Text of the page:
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Student Discovers Variable Stars

17 June 2024

Year 10 student Tristan Wood has published research on variable stars in a peer-reviewed scientific journal.

Together with others in the ELTHAM College community, including alumni Nathan Taulelei, mentors Andrew Yen and Lindsay Vander Pal, and “resident astronomer” Michael Fitzgerald, Tristan has been using the telescopes at ELTHAM College to discover five variable stars previously unknown to science. Congratulations Tristan!

Tristan continues to use the ELTHAM College observatory on an almost nightly basis, and his passion for astronomy and discovery is infectious. Following Tristan’s lead, a group of eager students meet weekly in the co-curricular Cosmos Club to continue to search for variable stars, exoplanets, supernovae and other celestial phenomena. 

Students meet in Cosmos Club to continue their search for variable stars, exoplanets, supernovae and other celestial phenomena.

You can find Tristan’s published article online in the Journal of the American Association of Variable Star Observers.

The 23rd of July 2020. It was the day I turned 12 and that evening I watched the movie Interstellar, a 2014 film directed by Christopher Nolan, for the first time. For those of you who don’t know it, the film follows astronaut Cooper played by actor Mathew McConaughey as he tries to save humanity from an Earth embroiled in catastrophic blight and famine. The journey takes Cooper and other astronauts through a wormhole near Saturn to an entirely new solar system in search of a new home for humankind. I remember sitting outside afterwards and just staring up at the stars, hours passing as the stars just moved in front of my eyes. Interstellar opened my eyes to what astronomy could one day be – in a very science fiction light. 

In April 2021, I met the father of one of my friends, a man named Andrew Yen who turned out to be a passionate astronomer. For the next year, he introduces me to the school observatory and other telescopes that he has and begins to teach me what he knows about astronomy.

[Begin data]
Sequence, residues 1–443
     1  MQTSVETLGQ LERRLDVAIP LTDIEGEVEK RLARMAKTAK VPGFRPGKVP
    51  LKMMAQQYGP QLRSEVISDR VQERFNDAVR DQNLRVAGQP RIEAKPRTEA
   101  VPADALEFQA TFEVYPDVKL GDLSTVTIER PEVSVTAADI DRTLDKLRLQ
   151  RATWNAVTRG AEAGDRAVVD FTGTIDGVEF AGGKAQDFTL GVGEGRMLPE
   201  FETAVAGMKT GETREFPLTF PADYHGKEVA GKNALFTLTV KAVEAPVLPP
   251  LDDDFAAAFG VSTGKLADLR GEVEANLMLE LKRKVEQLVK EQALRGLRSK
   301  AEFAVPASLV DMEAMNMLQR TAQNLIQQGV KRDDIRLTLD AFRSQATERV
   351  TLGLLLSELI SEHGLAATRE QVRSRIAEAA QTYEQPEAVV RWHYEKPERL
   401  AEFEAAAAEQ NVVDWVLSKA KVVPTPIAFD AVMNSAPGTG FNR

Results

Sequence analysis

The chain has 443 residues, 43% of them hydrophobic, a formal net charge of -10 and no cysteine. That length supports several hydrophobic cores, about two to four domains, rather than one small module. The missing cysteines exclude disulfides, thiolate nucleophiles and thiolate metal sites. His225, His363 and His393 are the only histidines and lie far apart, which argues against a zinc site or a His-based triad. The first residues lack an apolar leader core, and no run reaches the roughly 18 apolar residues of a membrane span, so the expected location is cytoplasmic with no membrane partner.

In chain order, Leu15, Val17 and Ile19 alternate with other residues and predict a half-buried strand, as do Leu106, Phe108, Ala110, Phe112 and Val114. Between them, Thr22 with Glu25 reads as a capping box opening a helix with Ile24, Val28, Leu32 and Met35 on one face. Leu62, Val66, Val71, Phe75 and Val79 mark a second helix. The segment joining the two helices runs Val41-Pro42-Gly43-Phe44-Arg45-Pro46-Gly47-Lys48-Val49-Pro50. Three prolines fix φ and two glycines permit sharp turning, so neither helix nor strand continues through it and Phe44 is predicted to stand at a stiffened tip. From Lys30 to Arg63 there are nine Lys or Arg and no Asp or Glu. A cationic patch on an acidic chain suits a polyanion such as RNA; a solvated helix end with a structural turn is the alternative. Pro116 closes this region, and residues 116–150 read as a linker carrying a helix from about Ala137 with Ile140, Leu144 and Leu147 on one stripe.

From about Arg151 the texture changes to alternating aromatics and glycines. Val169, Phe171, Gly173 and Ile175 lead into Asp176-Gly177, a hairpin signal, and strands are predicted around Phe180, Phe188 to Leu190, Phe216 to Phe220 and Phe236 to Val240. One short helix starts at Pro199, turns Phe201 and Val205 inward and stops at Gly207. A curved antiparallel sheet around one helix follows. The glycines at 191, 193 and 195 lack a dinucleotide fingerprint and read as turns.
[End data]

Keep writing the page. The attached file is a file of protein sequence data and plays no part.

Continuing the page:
We move then to June 2022, I got invited to an astronomy chat between Andrew and a few others, including Dr. Michael Fitzgerald a professional astronomer and educator who works with the school observatory. From there, we decide to investigate a field of sky for variable stars – stars that change in brightness over a period of time unique to that star. Over the course of two years, we observe this field of space and begin to write a paper with our discovery of five new stars.

December 2023, I was invited to do a 20-minute presentation to the astronomical society of Victoria on my discoveries with variable stars and two new exoplanets, which is my current area of research. While the audience was around 100 people, the presentation was seen by over two thousand people on YouTube and Facebook.

May 3rd, 2024, my paper is released to the public. After two years of work and countless hours spent on all stages of the process, it is published in an American Journal for Astronomy for anyone to read. The paper outlined our method for the research and the discovery of five entirely new variable stars using our school observatory. I would like to say a thank you to Andrew, Michael and the entire science department for their help and support of me these last few years in astronomy. 

This is only the beginning for me in astronomy as I aim to continue to reach for the stars, quite literally, and continue to do more discovery both by myself but also with others. Recently in Cosmos Club I have been taking groups of students through variable star science and research using my method from before aiming to publish another paper based on their discoveries. 

Astronomy is such a wondrous field and there is still so much to discover in the worlds above us, we as astronomers are barely scratching the surface of what our universe offers. Astronomy is something anyone can do if you have the passion. It can take you from learning about it in class or watching some video on YouTube and realizing ‘that’s cool’ to do the research and perhaps even publishing your own paper. The limitations to what you can do in astronomy are as endless at the skies above you. If there is anything this process to publication has taught me, it’s that you can go from something likes watching a movie to finding and following a passion you didn’t really realise before. Tonight, before you go to bed, I implore you to go outside and look up for five, ten minutes and look at the beauty of what our night skies have to offer. 

I would like to end with a quote from American Theoretical Physicist, Richard P Feynman.

“The most remarkable discovery in astronomy was that stars were made of atoms the same kind as on Earth.”

Tristan Wood

Year 10 Student